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Tips for surviving the stress of online classes

Shelby Adkins, Reporter

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Spring II online classes began this week, and that can bring rising stress levels for students.

For some, this clean slate of a new class will soon become disheveled with overwhelming course loads, procrastinated papers and sickness due to stress.

Linda Waxse, a student counselor at Park University helps students with a variety of mental health issues, including stress. Waxse is also an online instructor at Park and is able to see first-hand the challenges online students face.

Online classes at Park University are offered in accelerated eight-week installments through the Canvas learning platform. Each class is different, but students frequently have lectures to read, the opportunity for discussion with their peers, as well as normal class work such as projects, papers, quizzes and exams.

This self-teach method can cause a lot of stress for students who need extra help with the material or are not strong at time management and organization.

 “A lot of what they have stress over is procrastinating,” Waxse said. “I think that is the number one thing that interferes with their success and creates stress, major stress.”

Procrastination is a problem for many students, but online students find it especially challenging. Online courses offer a pace-yourself method, which can trip up some students. They are responsible for pacing their work and content in order to hit deadlines which differs from face-to-face courses.

“I think you see people do that in the face-to-face classes, however, teachers will work with them sometimes and teachers will let them kind of make-up work,” Waxse said. “That’s not usually the option in online classes. They’ve got to get it done.”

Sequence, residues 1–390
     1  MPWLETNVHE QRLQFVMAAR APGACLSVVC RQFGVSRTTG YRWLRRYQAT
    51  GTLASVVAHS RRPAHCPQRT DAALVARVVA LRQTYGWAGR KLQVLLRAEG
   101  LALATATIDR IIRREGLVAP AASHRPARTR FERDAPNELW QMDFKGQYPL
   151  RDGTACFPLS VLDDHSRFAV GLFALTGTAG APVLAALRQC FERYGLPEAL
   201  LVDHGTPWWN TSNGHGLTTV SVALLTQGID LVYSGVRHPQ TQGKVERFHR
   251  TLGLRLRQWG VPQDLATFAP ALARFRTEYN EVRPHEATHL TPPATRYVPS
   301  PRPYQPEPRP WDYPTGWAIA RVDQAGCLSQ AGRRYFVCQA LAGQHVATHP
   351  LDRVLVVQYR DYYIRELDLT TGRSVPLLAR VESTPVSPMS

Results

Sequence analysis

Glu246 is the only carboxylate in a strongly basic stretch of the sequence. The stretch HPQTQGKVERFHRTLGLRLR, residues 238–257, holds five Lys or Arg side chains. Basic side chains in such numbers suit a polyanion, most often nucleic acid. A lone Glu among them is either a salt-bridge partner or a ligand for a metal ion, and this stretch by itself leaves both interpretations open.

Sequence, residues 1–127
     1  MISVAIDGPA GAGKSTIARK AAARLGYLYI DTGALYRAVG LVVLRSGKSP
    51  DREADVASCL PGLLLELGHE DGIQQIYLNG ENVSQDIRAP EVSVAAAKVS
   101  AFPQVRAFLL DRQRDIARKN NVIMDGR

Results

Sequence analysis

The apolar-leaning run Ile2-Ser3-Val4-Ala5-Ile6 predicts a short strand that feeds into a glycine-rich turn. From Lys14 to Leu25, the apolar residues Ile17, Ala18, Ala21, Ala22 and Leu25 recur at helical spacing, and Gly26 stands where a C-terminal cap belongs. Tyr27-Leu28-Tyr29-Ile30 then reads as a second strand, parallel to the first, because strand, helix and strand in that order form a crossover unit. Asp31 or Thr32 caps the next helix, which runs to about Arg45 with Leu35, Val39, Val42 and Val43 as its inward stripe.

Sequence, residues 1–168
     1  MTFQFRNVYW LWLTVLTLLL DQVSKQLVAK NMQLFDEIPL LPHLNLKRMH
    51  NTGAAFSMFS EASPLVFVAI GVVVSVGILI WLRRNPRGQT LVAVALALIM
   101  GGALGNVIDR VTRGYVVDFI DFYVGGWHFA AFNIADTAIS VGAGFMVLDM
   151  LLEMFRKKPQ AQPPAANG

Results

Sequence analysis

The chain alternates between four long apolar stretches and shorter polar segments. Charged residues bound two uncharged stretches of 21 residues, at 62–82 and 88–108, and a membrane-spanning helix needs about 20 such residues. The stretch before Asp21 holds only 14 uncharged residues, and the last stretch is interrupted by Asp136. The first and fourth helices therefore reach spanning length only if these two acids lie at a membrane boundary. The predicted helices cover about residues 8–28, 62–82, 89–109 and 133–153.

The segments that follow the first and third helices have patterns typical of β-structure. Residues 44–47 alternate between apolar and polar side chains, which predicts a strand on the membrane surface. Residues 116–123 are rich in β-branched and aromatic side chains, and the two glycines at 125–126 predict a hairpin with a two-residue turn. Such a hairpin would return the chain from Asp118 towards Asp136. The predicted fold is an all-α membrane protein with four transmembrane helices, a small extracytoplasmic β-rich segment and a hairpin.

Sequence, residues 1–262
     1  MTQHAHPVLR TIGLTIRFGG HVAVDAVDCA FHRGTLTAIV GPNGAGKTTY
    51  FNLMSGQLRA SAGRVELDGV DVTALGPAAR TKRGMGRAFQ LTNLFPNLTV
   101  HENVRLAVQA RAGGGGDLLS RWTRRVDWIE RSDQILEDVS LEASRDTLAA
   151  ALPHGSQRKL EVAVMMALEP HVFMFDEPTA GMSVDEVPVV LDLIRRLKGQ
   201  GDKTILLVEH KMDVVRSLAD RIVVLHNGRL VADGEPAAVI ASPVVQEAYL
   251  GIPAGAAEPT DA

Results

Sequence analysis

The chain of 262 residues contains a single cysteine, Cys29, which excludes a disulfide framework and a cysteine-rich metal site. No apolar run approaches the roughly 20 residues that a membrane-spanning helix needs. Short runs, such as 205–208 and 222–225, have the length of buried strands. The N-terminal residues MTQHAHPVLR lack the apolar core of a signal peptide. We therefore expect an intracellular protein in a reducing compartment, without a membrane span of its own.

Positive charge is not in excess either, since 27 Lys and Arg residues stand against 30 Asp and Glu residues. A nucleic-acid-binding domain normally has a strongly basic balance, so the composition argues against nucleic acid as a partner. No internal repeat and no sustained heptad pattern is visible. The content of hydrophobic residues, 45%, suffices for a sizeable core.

Students who struggle with procrastination often times never rectify the issue, even if they know they are continually seeing a problem with completing their work on time.

“Some people will think, well that’s just what I always do,” Waxse said. “Well, you don’t have to do it because it is a huge source of stress. And you end up not being as academically achieving as you could.”

Students who procrastinate are not living up to their full academic ability, and therefore are creating more stress for themselves than they realize.

“People will get it done and if they happen to get it done then that reinforces ‘well, I don’t have to do it differently next time because I passed’,” Waxse said. “But the wear and tear on your body such as stomach problems, back problems, migraines. It’s just not worth it.”

When students reach that mental breakdown level of stress, there is really nothing they can do to come down from it. What they can do, is make sure they don’t put themselves in the same situation again.

“Stop for a minute and write out a plan for ‘I’m not going to get myself in this situation again,’’’ Waxse said. “The key is to keep your stress level manageable by maintenance all the time, because if you do that, your stress levels high and they you have a crisis like that.”

Waxse says there are many ways students can deal with their stress levels and to fight off a catastrophic-like event.

“Reward yourself when you have completed the assignment, like with a cup of tea or take a walk. It’s self-care,” she said.  “Just take a little break and just relax. Find things that can really work for you.”

Chelsi Dunkin, a sophomore online student studying organizational communications at Park University, uses these maintenance methods of relaxation on a day-to-day basis, as they have proven to be quite helpful in managing her stress levels.

“I am enrolled in eight-week classes so making my deadlines is sometimes a challenge,” Dunkin said. “I like to destress from my online classes by giving myself a few hours to do things I enjoy, such as taking my dog on walks.”

Waxse said that by managing your stress levels all the time through stress relieving activities, like what she suggested, students will be able to qualify as “flourishing.”

Flourishing, in this sense, is an academic term. It was defined in the book Positive Psychology as, “individuals with high levels of emotional, physical and social well-being. Thrive, prosper; to be in a state of activity or production; to reach a height of development or influence.”

“People who procrastinate cannot meet the criteria for flourishing,” Waxse said. “You can’t meet that criteria because you create too much stress for yourself. ”

Online students feel as though they are under an immense burden of stress due to procrastination and can’t figure out how to dig themselves out.

In order to lessen the amount of stress online students have, they should make sure to take care of their physical health, maintenance their stress levels daily, and to remember one thing.

“You don’t have to do it just because you have always done it,” Waxse said.

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Student newspaper of Park University
Tips for surviving the stress of online classes